Michael Davydov found a new life in Ukraine. After moving from Russia, he met the woman he’d marry and began building miniature, moss-surrounded homes, carved from clay, placing them in hollowed light bulbs. Davydov had been passionate for arts and crafts since early childhood, trying various media; but his evolving miniature sculptures offered a way to freeze moments in time.
“Coincidentally, I started my current phase of miniature art at a time when I moved very far from my native places,” he says over email, “and perhaps it became, in a sense, the pursuit of the same emotions from the past—the desire to catch and hide a piece of nostalgia under a glass dome. Perhaps that is why the popular subject of my sculptures is a house, like a feeling of a home and a forest, from somewhere in the past.”
Preserved within his delicate glass domes are even more fragile and magical worlds of whimsy, decorated with dry bits of nature (or recreated otherwise). Docile homes on stilts or atop floating mountains or the moon, and usually surrounded by bone-thin trees elongated like giraffe necks. Since 2018, he’s captured these bell jars of inspiration, preserving memories the way a taxidermist breathes new life into animals. But then that feeling of home was uprooted.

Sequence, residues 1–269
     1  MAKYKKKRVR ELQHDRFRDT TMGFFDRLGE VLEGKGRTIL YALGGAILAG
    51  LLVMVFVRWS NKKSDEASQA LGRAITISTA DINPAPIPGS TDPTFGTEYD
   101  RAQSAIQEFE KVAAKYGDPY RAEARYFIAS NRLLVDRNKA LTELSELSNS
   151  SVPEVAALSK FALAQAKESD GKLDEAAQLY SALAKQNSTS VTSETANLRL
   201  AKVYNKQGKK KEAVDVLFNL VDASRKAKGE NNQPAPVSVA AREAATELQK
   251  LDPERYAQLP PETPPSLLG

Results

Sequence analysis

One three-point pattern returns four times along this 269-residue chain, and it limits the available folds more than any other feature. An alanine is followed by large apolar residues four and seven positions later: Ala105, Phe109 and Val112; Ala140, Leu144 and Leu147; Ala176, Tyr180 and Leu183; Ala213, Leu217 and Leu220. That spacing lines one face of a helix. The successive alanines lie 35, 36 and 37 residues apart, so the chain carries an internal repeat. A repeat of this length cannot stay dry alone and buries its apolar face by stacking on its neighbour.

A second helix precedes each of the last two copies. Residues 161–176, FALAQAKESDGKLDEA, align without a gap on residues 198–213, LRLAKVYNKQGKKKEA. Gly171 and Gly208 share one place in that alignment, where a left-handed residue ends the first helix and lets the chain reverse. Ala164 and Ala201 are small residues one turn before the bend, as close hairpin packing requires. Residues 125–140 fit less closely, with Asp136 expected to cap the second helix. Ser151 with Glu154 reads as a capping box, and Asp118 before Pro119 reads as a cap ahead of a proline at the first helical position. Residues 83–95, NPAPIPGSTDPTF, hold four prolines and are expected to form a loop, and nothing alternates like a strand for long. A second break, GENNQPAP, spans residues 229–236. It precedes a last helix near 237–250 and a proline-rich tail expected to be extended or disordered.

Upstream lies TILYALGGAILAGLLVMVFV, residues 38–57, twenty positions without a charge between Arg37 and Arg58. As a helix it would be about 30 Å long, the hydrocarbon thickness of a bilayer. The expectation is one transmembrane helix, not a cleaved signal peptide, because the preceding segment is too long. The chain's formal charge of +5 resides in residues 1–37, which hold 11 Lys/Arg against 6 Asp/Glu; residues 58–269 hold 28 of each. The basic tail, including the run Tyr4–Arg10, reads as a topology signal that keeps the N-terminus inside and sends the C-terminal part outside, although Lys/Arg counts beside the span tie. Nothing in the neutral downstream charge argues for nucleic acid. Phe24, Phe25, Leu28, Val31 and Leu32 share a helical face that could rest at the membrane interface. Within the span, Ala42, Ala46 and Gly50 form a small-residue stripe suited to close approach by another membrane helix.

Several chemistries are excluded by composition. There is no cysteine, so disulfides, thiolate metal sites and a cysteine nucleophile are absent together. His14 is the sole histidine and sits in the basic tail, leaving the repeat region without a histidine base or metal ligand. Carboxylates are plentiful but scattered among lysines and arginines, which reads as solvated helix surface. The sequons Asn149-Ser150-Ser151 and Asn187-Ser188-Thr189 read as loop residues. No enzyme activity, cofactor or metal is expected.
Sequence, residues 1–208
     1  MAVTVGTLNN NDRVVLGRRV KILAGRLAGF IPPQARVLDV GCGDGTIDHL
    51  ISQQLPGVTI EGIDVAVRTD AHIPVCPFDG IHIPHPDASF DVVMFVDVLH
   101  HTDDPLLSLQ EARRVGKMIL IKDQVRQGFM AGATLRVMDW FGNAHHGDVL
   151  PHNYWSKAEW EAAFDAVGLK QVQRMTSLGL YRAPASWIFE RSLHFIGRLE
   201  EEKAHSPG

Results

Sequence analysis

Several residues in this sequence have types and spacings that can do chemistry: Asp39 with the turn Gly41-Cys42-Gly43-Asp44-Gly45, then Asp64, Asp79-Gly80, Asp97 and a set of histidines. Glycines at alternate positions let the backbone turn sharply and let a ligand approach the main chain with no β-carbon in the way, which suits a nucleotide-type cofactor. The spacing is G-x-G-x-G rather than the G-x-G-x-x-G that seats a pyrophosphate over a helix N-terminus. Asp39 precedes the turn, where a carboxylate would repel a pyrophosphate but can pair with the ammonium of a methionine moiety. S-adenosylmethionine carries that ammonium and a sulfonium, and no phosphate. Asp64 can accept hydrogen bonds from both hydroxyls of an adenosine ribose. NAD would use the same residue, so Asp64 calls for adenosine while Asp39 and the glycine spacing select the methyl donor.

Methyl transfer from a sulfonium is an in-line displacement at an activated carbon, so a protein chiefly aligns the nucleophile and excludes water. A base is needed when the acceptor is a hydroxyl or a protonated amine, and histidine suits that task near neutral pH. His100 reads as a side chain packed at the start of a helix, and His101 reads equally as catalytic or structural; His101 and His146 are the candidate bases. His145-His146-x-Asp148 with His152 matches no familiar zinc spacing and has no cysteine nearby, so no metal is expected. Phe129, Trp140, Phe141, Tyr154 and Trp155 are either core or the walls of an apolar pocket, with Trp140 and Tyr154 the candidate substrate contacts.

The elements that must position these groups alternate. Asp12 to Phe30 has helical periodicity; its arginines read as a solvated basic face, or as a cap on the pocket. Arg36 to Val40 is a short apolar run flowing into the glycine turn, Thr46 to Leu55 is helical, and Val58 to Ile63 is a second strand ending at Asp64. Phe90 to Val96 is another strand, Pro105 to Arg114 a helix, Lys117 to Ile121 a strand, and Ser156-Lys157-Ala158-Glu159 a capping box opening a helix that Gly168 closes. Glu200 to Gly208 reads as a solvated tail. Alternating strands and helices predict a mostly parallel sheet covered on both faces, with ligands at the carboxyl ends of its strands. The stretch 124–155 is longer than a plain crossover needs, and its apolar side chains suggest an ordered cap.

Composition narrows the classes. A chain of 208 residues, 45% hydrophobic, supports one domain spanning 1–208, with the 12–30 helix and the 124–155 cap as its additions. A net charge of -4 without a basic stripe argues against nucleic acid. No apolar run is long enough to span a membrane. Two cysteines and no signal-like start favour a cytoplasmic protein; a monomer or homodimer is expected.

This month marks the one-year anniversary of the Russian invasion of Ukraine. He describes the tragedy as “a burnt hole in [his] heart.” After filling their backpacks and gathering cans of food, he and his wife eventually escaped, settling in Denmark. The miniature artist, however, didn’t immediately have supplies for sculptures. Fortunately, some Danes donated acrylics and canvas to Ukrainian refugees, so Davydov instead painted a similar stilted house on fire in a sunflower field to express his emotional state, missiles raining down just beyond it.
“I know that many people need peace, and I continue to create peace in my work despite still not having peace within [myself],” he says. “It is not difficult to see in my works the idea of the fragility of the world, behind thin glass—in photographs where these worlds literally fit in one hand. I broke glass several times and repaired some tiny world that had accidentally fallen, but this will not work with our world. It is alone and it is in our hands.”
Davydov has been able to pick the sculpting back up again, working with a variety of cork, concrete, driftwood, fabric, and paper. One of his more current works entitled “Invasion” was displayed recently at a gallery in Hamburg, Germany. The sculpt holds a personal space within him. It depicts stacked housing in a long glass tube, a pool of water at the bottom and a crater from a missile strike dead in the center.
Still, the artist remains hopeful. “I only want people in Ukraine not to be deprived of the right to live in their country in their homes, speak their native language and raise children under a peaceful sky.”
Find more work by Michael Davydov at @michael_davydov_.